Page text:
Nineteenth-century material and that of earlier periods were also augmented with printed books and pamphlets of importance, including either the work of, or reference to, Mr. Kemble, Marie Roche, David Garrick, Colley Cibber, and Alexander Pope. The collection of first quartos of plays from the seventeenth and eighteenth centuries has much use in a graduate seminar on the drama as well as in a graduate seminar in bibliography. Advanced students under appropriate supervision thus examine the theories expounded in books about books and discover at first hand the variants in printing and paper. In particular the first quarto of John Dryden's Troilus and Cressida, which is of primary interest because Dryden tried to improve on Shakespeare's Troilus and Cressida, has made possible the publication of a correction of a widely used book on the drama.

Recently some letters of Charles and Ellen Kean were offered for sale along with the first edition of George M. Lovell's The Wife's Secret. The letters have turned out to be of more importance than we dared hope from the description of them. For Mrs. Kean writes about American playgoers in New York, Boston, and Philadelphia during the season of 1846-7, a rather low point in the history of the drama. Yet the Keans spent nearly two years in America at that time, arriving in August in 1845 and returning home in the early summer of 1847. Kean's biographer reminds us "By the close of the first year they realized and sent safely home a greater profit than had ever before been accomplished on the same prolific ground within the same time." Though they came to play Shakespeare's Richard III and King John, they produced during the second year Lovell's new play, The Wife's Secret, and did so with great success. Four of these letters, those written by Ellen Kean to George Lovell, describe the production of his play and the reaction of the audience. In addition we have obtained a scrapbook filled with reviews of Lovell's plays from 1835 to 1852.

Although this period in the history of the drama, the middle nineteenth-century, produced no literary genius at all and consequently has been neglected, it is nevertheless a time of historical importance in the development of the theater. An Act of Parliament freed the theaters from the monopoly of the Royal Patents which had been continued practically without interruption for nearly two hundred years after 1660. During all those years only three of the many theaters in London were permitted to present English plays. So until 1843 new writers for the theater were few. The accumulation of English plays not only from Shakespeare and his contemporaries but also from the Restoration and eighteenth-century dramatists more than sufficed for the stage.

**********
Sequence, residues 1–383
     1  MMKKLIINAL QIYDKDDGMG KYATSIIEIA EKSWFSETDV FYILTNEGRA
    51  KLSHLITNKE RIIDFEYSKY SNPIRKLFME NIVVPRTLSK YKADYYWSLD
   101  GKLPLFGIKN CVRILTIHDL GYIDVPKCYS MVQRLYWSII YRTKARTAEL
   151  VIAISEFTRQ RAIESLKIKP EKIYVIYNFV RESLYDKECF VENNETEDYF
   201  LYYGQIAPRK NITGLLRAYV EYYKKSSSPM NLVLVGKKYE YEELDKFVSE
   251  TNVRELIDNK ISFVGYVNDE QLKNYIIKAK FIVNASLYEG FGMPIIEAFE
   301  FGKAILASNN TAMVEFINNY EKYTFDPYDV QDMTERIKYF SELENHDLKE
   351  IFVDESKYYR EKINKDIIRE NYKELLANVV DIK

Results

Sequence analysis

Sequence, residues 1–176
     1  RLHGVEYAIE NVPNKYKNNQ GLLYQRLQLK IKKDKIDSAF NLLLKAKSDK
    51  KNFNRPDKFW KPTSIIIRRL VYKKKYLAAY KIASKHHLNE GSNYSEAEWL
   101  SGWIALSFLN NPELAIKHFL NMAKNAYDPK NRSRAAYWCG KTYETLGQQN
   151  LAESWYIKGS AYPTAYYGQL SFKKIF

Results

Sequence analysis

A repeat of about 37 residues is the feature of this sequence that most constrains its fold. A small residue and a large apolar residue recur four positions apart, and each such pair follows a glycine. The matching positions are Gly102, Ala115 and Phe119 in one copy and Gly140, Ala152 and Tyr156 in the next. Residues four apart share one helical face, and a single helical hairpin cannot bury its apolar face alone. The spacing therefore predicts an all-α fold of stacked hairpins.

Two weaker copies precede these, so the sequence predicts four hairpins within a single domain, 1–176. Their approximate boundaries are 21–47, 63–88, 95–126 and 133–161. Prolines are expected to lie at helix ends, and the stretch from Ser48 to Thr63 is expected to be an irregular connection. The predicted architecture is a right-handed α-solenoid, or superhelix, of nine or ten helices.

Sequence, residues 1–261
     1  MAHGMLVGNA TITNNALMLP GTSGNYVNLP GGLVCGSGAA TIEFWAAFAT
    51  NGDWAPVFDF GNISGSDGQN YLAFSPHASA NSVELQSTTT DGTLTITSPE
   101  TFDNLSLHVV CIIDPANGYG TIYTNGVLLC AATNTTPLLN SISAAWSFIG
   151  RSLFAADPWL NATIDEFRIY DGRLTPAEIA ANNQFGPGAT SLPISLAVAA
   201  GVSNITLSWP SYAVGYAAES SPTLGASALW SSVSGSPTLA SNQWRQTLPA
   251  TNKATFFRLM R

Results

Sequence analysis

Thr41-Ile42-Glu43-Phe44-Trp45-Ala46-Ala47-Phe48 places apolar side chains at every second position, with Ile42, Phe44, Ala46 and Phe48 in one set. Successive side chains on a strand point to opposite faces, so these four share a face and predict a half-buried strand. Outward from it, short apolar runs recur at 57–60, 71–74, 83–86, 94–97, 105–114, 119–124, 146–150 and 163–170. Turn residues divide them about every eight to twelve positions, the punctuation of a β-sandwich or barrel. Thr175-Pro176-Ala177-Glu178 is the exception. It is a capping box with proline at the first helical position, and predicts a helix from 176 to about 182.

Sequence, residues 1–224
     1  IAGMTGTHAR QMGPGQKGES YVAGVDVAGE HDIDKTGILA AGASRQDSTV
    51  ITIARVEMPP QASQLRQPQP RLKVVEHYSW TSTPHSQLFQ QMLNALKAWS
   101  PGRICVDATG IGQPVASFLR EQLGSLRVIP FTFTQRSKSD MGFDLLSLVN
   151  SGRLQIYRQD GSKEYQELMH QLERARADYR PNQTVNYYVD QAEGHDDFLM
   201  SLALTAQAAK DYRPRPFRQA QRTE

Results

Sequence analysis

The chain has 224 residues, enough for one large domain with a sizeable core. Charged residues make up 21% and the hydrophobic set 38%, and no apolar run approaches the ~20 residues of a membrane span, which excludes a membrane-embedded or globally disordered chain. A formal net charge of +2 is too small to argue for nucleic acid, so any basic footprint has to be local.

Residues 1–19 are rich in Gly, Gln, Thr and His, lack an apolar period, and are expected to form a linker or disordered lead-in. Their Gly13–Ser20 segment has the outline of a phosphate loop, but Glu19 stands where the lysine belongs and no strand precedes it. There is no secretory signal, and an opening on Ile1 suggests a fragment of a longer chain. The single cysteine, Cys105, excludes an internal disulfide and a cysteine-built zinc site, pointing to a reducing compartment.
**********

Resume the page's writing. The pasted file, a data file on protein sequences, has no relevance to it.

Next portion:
The Act of Parliament in 1843, however, restored incentive by giving playwrights ample opportunity to produce their plays on the boards of a theater and not merely for readers. But a fashion of writing in verse for readers was well established and such a playwright was George M. Lovell, a transitional figure. As a matter of fact, the authoritative historian of the nineteenth century has called The Wife's Secret "one of the best plays I have read in this period." And Charles Kean, the son of the famous Shakespearean actor Edmund Kean, was now establishing the main trend for the next sixty years of Shakespearean productions. According to one of these letters, Charles Kean commissioned George Lovell to write a play for him, the terms being £300. Another letter written by Ellen Kean after her husband's death restores all the rights in this play to the author.

This correspondence of Charles and Ellen Kean with George M. Lovell becomes relevant to our collection of material dealing with the genesis of the modern English drama as soon as we perceive that it was in 1860 that Tom Robertson began writing his "cup-and-saucer plays" for Marie Wilton at the Prince of Wales's Theater in Tottingham Court Road, London, for it was upon Robertson's beginning with realistic comedies of contemporary life that Pinero and Jones built with adaptation of the French "well-made play" the technique of the modern play of our theater.

Yet if I were to tell you how few dollars these items cost, you would doubtless suspect their importance; nevertheless, supply and demand still operate in this business! And I hazard the judgment that if we can have sufficient funds to develop this field, we shall have in our Treasure Room within a few years a collection of outstanding importance for study of the origin and development of various features in the modern drama. But many graduate schools in search of material for their drama students are apparently, from the correspondence I have had, turning to the nineteenth century. How long we can continue to acquire this material at minimum cost remains problematical. The letters of the poets and novelists who were the literary geniuses of this period are now almost prohibitive. And awakened interest in this period of the drama, if only for its historic significance, will increase the cost.

In conclusion I must point out that fashions in scholarship change with each passing decade as the major opportunities for spectacular research decrease. I have observed three or four of these waves of scholarly enthusiasms in the field of humanistic studies reach their zenith and wane. New scholarly reputations require new approaches. The present interest in Bernard Shaw's plays may be indicative of the trend. But remember that Shaw was born only one year after Pinero. And Shaw at ninety-three has had a new play produced, not so bad in his opinion as the London reception of it would have us believe! His lifetime covers the period in the drama for which we are trying to form a unique collection in our Treasure Room.